As a side note, I invite you to like Bottle Tree Farm on Facebook to witness the day-to-day activities on the farm. 

Happy homesteading,


Sunday, May 4, 2014

Can An Onion Do Math?

Well, the I'itoi Onion can multiply.  Does that count?

Last fall I decided I wanted to try some type of multiplier or walking onion.  I did some research and finally decided on the I'itoi Multiplier and the Fleener's Top Set Walking Onions.  I was particularly attracted to the I'itoi because it is on the Slow Food Ark of Taste, which has this to say about the I'itoi:

Not only is the taste of the I'itoi Onion bold and complex, but also is its ambiguous history. The original US harvest of the wild I'Itoi Onion took place on I'Itoi Mountain, which is also known as Baboquivari Mountain. This mountain is regarded by the O'odham nation as the navel of the world – a place where the earth opened and people emerged. The name I'Itoi signifies the Elder Brother, who is the creator deity in Tohono O'odham legends; consequently the onion is a sacred reminder of the O'odham creation story. Botanical studies place the I'Itoi onion among a very old line of clumping onions brought to the US by Jesuit missionaries in the late 17th century, concluding that the onion is not necessarily a US native. Regardless of the contradicting histories, the I'Itoi Onion has a special place among Sonoran Desert culinary culture.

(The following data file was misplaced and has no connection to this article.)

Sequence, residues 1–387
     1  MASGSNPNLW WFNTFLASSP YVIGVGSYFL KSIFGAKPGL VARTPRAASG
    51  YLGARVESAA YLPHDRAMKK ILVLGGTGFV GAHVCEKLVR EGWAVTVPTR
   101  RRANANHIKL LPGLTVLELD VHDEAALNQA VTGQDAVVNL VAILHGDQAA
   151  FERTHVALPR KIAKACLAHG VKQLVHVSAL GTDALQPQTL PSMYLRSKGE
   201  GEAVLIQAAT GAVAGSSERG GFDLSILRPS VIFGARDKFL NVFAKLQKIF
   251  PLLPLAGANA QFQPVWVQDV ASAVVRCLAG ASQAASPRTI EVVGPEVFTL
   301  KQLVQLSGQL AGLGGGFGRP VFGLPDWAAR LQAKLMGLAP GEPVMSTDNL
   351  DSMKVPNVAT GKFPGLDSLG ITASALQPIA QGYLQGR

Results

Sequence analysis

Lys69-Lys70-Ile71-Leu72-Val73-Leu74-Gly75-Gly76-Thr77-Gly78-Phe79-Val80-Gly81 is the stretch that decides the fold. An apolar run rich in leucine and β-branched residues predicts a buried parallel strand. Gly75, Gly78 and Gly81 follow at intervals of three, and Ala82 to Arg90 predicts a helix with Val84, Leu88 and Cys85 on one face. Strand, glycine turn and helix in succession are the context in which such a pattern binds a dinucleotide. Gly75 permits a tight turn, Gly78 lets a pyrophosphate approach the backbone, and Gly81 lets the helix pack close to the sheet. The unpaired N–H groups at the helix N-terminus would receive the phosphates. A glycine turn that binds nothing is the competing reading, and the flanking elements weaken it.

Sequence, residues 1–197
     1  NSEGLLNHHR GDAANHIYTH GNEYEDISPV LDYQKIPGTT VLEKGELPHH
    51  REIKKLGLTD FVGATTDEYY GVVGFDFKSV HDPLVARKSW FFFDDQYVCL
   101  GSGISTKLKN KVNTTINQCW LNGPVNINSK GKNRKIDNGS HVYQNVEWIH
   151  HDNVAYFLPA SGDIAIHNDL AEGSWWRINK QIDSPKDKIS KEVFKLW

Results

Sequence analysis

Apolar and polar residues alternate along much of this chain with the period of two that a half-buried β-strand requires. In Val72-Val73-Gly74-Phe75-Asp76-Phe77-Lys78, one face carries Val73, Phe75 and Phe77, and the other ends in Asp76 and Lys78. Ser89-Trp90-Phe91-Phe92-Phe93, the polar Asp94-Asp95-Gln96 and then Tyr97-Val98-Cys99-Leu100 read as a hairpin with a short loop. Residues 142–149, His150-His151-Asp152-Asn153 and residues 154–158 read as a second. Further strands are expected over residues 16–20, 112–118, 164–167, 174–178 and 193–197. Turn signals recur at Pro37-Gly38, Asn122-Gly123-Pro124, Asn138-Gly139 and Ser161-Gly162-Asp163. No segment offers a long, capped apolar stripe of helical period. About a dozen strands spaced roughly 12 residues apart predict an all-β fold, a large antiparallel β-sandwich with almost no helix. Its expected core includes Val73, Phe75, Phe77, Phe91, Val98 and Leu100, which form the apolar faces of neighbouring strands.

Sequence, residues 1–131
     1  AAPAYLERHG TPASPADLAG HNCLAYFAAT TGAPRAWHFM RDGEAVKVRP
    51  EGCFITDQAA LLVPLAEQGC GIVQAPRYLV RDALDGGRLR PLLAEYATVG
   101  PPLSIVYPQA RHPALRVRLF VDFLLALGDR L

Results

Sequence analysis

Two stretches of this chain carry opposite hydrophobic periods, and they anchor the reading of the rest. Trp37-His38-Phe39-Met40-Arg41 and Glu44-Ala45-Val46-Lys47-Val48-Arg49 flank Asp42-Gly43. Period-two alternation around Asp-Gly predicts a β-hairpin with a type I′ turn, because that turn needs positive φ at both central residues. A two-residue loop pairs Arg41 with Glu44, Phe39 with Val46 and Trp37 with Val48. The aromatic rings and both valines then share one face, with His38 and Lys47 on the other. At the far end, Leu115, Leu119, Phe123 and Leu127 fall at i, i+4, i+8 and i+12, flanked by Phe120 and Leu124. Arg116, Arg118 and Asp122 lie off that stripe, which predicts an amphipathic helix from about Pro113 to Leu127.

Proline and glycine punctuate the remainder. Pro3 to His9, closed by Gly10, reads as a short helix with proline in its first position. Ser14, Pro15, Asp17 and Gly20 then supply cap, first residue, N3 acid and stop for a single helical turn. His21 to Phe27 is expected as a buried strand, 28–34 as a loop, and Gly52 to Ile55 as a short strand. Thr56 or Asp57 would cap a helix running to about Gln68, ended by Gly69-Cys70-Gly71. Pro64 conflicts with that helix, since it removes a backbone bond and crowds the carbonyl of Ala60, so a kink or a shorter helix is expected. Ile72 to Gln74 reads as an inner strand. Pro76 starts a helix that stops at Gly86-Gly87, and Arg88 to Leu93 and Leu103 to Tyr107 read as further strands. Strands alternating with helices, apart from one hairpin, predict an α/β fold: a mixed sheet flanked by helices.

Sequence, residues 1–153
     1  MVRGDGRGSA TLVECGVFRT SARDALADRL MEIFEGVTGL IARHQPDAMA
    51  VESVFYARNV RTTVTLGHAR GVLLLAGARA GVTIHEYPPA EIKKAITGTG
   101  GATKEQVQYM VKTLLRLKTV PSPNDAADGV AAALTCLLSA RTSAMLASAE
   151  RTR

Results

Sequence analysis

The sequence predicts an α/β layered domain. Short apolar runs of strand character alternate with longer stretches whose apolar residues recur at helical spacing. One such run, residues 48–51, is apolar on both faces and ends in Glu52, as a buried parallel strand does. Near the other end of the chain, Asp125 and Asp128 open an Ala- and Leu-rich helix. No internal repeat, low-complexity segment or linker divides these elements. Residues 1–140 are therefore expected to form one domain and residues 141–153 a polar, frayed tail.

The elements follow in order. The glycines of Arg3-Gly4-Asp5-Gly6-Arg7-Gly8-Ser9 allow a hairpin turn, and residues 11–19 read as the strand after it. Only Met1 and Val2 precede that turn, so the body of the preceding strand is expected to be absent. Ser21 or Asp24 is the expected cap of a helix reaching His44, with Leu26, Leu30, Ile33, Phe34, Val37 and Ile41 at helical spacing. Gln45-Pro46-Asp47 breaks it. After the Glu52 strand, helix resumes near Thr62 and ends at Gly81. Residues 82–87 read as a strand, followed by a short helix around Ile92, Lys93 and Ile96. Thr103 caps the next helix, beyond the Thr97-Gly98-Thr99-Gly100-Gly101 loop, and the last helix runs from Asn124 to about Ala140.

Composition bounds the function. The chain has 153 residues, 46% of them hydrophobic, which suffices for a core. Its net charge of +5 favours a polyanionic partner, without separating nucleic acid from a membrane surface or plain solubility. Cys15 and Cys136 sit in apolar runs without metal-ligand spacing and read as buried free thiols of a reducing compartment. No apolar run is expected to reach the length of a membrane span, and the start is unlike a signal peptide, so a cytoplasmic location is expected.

The sharp, peppery flavor of the I'Itoi is well suited to southwestern stews and sauces, which often have robust, piquant flavors. The I'Itoi plant grows easily and prolifically in the deserts of the American southwest. Left in the ground during its summer dormancy, the onion re-sprouts toward the end of the season at which point it is harvested and replanted. The flavor of the I'Itoi Onion is garnering interest at a small, but highly visible, commercial scale throughout the arid southwest. The onion may provide one of the best examples of crop survival due to the stewardship of backyard gardeners.

Sometimes the little things are what excite me, like this I'itoi Onion bulb.

One bulb multiplies to this.

And, from the 10 bulbs I planted, this is my harvest.